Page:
The five books into which the Pentateuch is divided are respectively Genesis, Exodus, Leviticus, Numbers, and Deuteronomy, and the separate articles should be consulted for information as to their nomenclature.

The work opens with an account of the Creation, and passes to the story of the first human couple. The narrative is carried on partly by genealogies and partly by fuller accounts to Abraham. Then comes a history of Abraham, Isaac and Jacob, the collateral lines of descendants being rapidly dismissed. The story of Joseph is told in detail, and Genesis closes with his death. The rest of the Pentateuch covers the oppression of the Israelites in Egypt, their exodus and wanderings, the conquest of the trans-Jordanic lands and the fortunes of the people to the death of Moses. The four concluding books contain masses of legislation mingled with the narrative (for special contents, see articles on the several books).

II. Authorship, Composition, Date.

1. The Current Critical Scheme:

The view that Moses was the author of the Pentateuch, with the exception of the concluding verses of Deuteronomy, was once held universally. It is still believed by the great mass of Jews and Christians, but in most universities of Northern Europe and North America other theories prevail. An application of what is called "higher" or "documentary criticism" (to distinguish it from lower or textual criticism) has led to the formation of a number of hypotheses. Some of these are very widely held, but unanimity has not been attained, and recent investigations have challenged even the conclusions that are most generally accepted. In the English-speaking countries the vast majority of the critics would regard Driver's, Introduction to the Literature of the Old Testament and Carpenter and Harford-Battersby's Hexateuch as fairly representative of their position, but on the Continent of Europe the numerous school that holds some such position is dwindling alike in numbers and influence, while even in Great Britain and America some of the ablest critics are beginning to show signs of being shaken in their allegiance to cardinal points of the higher-critical case. However, at the time of writing, these latter critics have not put forward any fresh formulation of their views, and accordingly the general positions of the works named may be taken as representing with certain qualifications the general critical theory. Some of the chief stadia in the development of this may be mentioned.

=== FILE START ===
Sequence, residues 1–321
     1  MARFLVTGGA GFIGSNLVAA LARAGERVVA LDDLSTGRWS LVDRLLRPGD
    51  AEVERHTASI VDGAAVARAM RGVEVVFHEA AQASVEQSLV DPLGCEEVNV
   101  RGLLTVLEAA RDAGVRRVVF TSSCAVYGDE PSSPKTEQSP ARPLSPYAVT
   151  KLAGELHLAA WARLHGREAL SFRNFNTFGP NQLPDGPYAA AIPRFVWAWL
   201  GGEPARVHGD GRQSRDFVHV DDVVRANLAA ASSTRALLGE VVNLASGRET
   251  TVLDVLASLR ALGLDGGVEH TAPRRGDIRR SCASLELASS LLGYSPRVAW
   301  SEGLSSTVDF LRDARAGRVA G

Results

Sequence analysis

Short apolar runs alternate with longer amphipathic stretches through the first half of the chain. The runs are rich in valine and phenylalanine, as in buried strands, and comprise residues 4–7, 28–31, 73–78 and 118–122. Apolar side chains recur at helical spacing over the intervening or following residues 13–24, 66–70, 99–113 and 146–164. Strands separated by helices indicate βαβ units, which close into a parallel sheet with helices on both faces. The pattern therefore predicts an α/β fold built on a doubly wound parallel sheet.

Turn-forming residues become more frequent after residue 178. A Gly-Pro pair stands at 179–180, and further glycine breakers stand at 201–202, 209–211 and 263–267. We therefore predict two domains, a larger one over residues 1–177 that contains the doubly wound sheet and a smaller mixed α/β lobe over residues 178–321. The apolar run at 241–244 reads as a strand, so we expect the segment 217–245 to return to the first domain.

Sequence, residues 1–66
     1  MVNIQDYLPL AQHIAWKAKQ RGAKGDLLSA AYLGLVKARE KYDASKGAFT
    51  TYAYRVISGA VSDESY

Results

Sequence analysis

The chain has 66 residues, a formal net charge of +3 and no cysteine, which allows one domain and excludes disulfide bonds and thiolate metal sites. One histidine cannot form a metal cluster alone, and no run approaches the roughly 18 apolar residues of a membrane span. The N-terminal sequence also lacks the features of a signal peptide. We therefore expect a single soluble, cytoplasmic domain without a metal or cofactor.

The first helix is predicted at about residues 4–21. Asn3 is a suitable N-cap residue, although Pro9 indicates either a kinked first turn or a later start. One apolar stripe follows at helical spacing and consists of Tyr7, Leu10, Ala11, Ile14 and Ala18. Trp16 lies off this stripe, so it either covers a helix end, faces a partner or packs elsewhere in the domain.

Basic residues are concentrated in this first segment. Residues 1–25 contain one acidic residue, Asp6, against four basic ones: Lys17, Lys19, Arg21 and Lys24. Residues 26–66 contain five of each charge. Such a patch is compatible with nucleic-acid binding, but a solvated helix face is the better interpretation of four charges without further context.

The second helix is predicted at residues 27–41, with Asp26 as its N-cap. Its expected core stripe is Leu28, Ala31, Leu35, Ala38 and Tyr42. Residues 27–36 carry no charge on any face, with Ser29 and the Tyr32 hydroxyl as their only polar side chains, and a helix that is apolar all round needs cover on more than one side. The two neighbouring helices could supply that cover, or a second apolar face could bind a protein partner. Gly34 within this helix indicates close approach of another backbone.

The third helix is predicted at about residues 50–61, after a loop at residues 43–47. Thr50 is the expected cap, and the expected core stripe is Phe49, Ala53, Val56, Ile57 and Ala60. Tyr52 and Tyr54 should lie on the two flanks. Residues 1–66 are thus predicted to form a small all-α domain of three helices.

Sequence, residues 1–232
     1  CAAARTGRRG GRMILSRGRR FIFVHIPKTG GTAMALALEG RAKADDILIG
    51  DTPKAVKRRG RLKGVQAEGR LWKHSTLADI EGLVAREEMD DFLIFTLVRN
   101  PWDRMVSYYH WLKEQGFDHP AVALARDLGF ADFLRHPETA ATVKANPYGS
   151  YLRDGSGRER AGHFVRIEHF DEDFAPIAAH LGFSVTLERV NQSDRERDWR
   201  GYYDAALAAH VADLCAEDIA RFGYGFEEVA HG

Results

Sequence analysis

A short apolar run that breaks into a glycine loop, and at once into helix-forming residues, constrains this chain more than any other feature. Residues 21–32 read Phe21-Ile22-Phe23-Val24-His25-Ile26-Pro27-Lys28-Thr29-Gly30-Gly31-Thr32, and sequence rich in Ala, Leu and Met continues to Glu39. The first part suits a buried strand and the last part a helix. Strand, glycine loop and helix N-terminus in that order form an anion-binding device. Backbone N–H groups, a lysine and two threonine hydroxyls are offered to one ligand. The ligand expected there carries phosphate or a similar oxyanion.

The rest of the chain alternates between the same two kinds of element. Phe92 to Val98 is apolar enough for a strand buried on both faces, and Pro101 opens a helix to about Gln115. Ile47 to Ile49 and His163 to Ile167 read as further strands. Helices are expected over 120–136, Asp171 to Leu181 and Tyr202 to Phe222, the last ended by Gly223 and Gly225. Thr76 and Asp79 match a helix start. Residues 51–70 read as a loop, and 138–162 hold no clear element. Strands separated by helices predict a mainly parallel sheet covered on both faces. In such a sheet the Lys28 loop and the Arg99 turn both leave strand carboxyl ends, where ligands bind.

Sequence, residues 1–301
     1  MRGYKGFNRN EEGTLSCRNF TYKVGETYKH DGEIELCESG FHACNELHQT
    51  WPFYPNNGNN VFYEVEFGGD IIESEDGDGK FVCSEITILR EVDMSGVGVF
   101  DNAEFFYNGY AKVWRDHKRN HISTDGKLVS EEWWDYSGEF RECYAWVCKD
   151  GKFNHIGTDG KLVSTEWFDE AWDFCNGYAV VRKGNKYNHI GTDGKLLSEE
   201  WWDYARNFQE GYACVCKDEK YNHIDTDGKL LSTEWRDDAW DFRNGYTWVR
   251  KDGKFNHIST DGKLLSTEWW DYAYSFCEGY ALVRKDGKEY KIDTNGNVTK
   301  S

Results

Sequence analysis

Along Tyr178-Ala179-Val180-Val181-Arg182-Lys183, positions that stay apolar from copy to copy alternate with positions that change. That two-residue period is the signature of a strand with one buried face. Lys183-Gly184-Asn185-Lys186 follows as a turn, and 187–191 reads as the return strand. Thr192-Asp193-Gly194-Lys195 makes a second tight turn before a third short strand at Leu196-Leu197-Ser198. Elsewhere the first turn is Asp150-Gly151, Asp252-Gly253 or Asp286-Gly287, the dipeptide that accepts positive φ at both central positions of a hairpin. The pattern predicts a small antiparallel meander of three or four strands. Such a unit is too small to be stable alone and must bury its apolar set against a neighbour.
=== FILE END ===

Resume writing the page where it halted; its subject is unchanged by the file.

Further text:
After attention had been drawn by earlier writers to various signs of post-Mosaic date and extraordinary perplexities in the Pentateuch, the first real step toward what its advocates have, till within the last few years, called "the modern position" was taken by J. Astruc (1753). He propounded what Carpenter terms "the clue to the documents," i.e. the difference of the divine appellations in Genesis as a test of authorship. On this view the word 'Elohim ("God") is characteristic of one principal source and the Tetragrammaton, i.e. the divine name YHWH represented by the "LORD" or "GOD" of the King James Version and the Revised Version (British and American), shows the presence of another. Despite occasional warnings, this clue was followed in the main for 150 years. It forms the starting-point of the whole current critical development, but the most recent investigations have successfully proved that it is unreliable (see below, 3, (2)) Astruc was followed by Eichhorn (1780), who made a more thorough examination of Genesis, indicating numerous differences of style, representation, etc.

Geddes (1792) and Vater (1802-1805) extended the method applied to Genesis to the other books of the Pentateuch.

In 1798 Ilgen distinguished two Elohists in Genesis, but this view did not find followers for some time. The next step of fundamental importance was the assignment of the bulk of Deuteronomy to the 7th century BC. This was due to De Wette (1806). Hupfeld (1853) again distinguished a second Elohist, and this has been accepted by most critics. Thus, there are four main documents at least: D (the bulk of Deuteronomy), two Elohists (P and E) and one document (Jahwist) that uses the Tetragrammaton in Genesis. From 1822 (Bleek) a series of writers maintained that the Book of Joshua was compounded from the same documents as the Pentateuch (see HEXATEUCH).

Two other developments call for notice:

(1) there has been a tendency to subdivide these documents further, regarding them as the work of schools rather than of individuals, and resolving them into different strata (P1, Secondary Priestly Writers, P3, etc., J1, Later additions to J, etc., or in the notation of other writers Jj Je, etc.);